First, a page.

1. Maybe he will feel it too. Maybe it will even change him now from what maybe he couldn’t help but be.
This quotation occurs as Snopes and Sartoris slowly approach the de Spain house and Sartoris, overwhelmed by the peace and joy he feels in the presence of the large home, wishes for the eradication of sorrow, envy, jealousy, and rage from his family life. Similar sentiments are echoed later, during the incident with the rug. Sartoris hopes that his father will learn a lesson from having to pay for the carpet’s replacement and will finally “stop forever and always from being what he used to be.” Both of these statements reveal that Sartoris has a core of morality that is separate from Snopes’s influence. Although Sartoris’s loyalties are divided through most of the story, Faulkner makes it clear where his wavering sympathies ultimately lie: Sartoris desires to conform to a generalized sense of justice that applies equally to all, not the moral relativism of his scoundrel father who expects the family to lie on one another’s behalf. Sartoris believes in the capacity for change, even in his father’s case. His journey in the story involves his gradual acceptance that some individuals are unwilling or unable to reform their criminal ways.
2. Maybe it will all add up and balance and vanish—corn, rug, fire; the terror and grief, the being pulled two ways like between two teams of horses—gone, done with for ever and ever.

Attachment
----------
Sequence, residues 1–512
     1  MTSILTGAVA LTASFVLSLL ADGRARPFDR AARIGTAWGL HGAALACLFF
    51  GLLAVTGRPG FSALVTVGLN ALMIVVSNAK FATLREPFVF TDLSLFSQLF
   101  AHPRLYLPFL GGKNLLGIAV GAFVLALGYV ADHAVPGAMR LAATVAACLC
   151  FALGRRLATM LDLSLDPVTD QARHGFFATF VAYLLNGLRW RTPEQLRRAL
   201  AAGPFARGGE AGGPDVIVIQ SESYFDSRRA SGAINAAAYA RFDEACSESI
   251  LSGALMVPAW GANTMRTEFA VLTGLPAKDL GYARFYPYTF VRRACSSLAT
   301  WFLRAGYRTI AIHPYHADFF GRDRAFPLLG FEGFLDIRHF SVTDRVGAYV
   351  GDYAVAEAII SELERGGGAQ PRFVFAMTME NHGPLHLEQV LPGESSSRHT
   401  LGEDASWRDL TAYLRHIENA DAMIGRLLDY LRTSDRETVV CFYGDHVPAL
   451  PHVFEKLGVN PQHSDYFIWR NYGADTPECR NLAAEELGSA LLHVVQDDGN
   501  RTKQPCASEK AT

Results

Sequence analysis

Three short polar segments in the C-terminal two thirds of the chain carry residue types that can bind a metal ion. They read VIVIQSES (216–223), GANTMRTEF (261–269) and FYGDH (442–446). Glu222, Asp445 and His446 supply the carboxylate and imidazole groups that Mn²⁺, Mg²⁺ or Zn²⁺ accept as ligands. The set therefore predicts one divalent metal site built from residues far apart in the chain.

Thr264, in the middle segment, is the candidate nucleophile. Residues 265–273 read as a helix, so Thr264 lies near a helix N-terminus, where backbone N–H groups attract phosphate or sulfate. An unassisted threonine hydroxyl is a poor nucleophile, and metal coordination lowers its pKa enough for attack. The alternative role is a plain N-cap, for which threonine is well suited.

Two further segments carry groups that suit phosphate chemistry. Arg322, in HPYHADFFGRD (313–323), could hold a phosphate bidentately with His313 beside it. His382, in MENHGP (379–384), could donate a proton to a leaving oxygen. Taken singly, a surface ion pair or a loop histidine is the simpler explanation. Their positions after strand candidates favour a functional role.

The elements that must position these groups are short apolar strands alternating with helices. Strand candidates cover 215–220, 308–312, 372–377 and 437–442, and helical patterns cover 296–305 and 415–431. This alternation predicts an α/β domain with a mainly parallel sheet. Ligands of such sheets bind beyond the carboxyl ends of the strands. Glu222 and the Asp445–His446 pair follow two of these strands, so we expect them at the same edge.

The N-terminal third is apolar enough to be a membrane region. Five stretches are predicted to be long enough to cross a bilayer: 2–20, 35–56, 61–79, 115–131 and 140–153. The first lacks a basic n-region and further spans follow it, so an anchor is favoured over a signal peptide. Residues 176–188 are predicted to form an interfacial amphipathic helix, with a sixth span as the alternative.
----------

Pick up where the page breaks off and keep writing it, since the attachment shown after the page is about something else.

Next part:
This quotation occurs after Major de Spain has informed Snopes that he owes twenty additional bushels of corn for destroying the rug. It is notable for the way Faulkner’s narrative voice is able to vary throughout the story, approximating and mimicking the thoughts of Sartoris, his ten-year-old protagonist. The “for ever and ever” adds a childish lilt to the end of the phrase and underscores the impossibility of Sartoris’s hopes ever being realized. Sartoris wants all the shame and burdens his father has heaped onto the family to merely disappear, to be erased. However, Snopes’s transgressions are too vast to simply “vanish” as Sartoris hopes. Snopes’s anger and sense of inferiority are not expressed merely through fire; rather, as is evident in this brief list—“corn, rug, fire”—he does not discriminate when it comes to destroying the property of others.
The quotation also reinforces the idea of a lack of peace in Sartoris’s life; he is always aware of the reality in which he lives. The joy and peace of the de Spain property are fleeting, quickly giving way to the dark-coated, limping figure of the father arriving to unsettle the home. Faulkner fully captures young Sartoris’s indulgent fantasies as well as the truly painful struggle he undergoes. Divided between family loyalty and loyalty to the law, he feels as though he is being torn apart by teams of horses pulling in opposite directions. Sartoris yearns for all of this—his father’s transgressions, his own tumultuous emotions—to simply disappear. In a way, these things do disappear in the end, but only after Sartoris takes action by warning de Spain about the imminent fire. Sartoris himself eliminates them rather than waiting passively for them to vanish on their own.
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